We've talked for a while about how well diversified our sources of assets are and the right-hand circle here shows where the assets come from that are part of that big picture. Institutional clients, 38%; retail, 17%; and the general account of the insurance company, about 45%. And on the left, you see again the way in which these assets are invested.
And as in retirement, we've also had spectacular flows in Asset Management. 2010, we had right around $30 billion of institutional flows. And if you look at the record of 2010, '11 and '12, these flows on the institutional side are driven by mandates that are coming in from all over the world. I think, last year, we had Asset Management mandates from 19 different countries, and these are sovereign wealth funds, in pension plans, in central banks and exactly the kind of clients that you would like to see showing up in the mix in institutional Asset Management. In the blue bar, we're doing better in retail. We've launched a couple of close-end funds recently that have done extremely well, and we're also seeing better sales results through the wirehouse channel. So we're seeing signs of life in retail that we had not seen for a long time. Even the strategic horizon here includes the days when this was part of Prudential Securities.
Couple of headlines on Domestic Protection businesses. In Individual Life, maybe the headline is that we're not chasing the league tables here. We recognize the realities of competing with mutual insurance companies, and we recognize the realities of sometimes competing with irrational publicly listed companies. So we focus on returns and capital and efficiency in capital, efficiency in the back office, the business model that matches products and channels and clients, and all that's working pretty well. We have a very good record of success here. Our sales have fluctuated and our market share has fluctuated, but that reflects us not always going the same way the market's going with respect to either raising prices or lowering prices. And we're willing to tolerate those swings in the league table in the market share position because we don't think that it's rational to compete with, as I said, some of the others in the market who may not be reflecting the same kind of discipline that we reflect here.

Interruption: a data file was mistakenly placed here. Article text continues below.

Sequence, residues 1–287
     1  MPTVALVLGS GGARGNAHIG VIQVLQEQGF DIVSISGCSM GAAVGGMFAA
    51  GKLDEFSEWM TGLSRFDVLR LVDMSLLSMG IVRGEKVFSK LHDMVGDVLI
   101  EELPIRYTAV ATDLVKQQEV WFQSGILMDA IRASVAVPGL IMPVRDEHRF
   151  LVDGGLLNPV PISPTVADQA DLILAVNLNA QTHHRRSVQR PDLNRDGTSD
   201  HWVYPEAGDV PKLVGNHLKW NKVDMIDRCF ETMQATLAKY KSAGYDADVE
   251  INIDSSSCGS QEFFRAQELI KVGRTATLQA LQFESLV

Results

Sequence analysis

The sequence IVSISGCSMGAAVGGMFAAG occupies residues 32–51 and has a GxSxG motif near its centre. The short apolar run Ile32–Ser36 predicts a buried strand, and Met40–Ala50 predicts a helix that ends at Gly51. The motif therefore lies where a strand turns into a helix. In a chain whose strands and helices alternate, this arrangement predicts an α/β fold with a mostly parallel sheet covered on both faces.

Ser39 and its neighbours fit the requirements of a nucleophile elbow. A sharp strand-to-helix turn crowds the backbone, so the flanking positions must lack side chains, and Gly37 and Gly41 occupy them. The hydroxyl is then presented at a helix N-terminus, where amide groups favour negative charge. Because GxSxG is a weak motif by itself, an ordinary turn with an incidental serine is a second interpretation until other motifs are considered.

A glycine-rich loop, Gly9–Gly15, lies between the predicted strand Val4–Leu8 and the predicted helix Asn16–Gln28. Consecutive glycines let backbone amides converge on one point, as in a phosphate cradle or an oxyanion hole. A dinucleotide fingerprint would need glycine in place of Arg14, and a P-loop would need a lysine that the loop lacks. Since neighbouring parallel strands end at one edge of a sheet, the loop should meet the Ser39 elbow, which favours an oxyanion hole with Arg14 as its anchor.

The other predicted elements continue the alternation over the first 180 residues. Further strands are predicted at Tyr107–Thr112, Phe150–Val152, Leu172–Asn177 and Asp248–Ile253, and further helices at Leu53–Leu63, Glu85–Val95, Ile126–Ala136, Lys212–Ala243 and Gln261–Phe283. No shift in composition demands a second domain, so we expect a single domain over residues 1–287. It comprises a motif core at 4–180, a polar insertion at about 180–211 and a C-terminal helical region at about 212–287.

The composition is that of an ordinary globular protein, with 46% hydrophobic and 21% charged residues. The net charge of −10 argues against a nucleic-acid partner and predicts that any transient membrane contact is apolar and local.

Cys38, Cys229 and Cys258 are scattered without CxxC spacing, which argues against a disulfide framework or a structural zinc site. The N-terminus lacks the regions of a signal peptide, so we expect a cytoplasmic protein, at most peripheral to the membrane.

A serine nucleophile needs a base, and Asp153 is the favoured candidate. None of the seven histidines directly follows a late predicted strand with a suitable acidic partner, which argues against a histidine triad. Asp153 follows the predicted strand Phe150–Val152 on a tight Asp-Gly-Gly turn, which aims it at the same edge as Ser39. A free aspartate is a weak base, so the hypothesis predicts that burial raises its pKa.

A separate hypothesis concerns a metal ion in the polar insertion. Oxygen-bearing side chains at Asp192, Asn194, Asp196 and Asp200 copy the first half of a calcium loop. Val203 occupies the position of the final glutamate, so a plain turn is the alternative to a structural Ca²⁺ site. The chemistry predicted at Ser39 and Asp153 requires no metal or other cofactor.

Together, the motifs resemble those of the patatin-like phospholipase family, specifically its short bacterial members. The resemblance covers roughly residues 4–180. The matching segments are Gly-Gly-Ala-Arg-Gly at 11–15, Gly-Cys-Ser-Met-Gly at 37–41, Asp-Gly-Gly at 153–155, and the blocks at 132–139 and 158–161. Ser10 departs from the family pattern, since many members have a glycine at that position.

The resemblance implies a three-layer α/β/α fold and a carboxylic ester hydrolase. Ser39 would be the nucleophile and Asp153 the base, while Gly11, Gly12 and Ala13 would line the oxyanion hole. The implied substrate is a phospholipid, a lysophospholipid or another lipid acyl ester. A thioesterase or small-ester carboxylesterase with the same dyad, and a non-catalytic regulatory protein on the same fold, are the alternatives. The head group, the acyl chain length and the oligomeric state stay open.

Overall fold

In Group Insurance, we've had some potholes in the road, mostly on the disability side where we do have a chronic challenge, meaning, it's lasted for a while, around resolving claims and around addressing the need to reprice to reflect our experience. And we're in the midst of doing that. We are seeing improvement in the operating performance. The benefit ratio has come down meaningfully, not to the point where it should ultimately settle, but we are seeing improvement as we reprice and as we more aggressively manage claims. The Group Life, a year ago this quarter, we had a bad drop from the sarcastic [ph] distribution of mortality and that kind of left everybody wondering whether or not there were going to be some problems there that might last. They didn't. Those benefit ratios returned to, more or less, normal levels as we went through the rest of last year. So we kind of feel like Group Life is -- it's challenging. It's a tough business, but it's okay for us.
The opportunity there, by the way, is in many respects through the voluntary side where clients of our employer clients -- I mean, employees of our employer clients buy additional insurance through the work site. It's a good, inexpensive way to serve the mass market, which we can't serve any longer through face-to-face. So the approach there is get it fixed, price it carefully and make sure we're earning the returns that are fair in terms of the earnings power of the business and the risk of the business.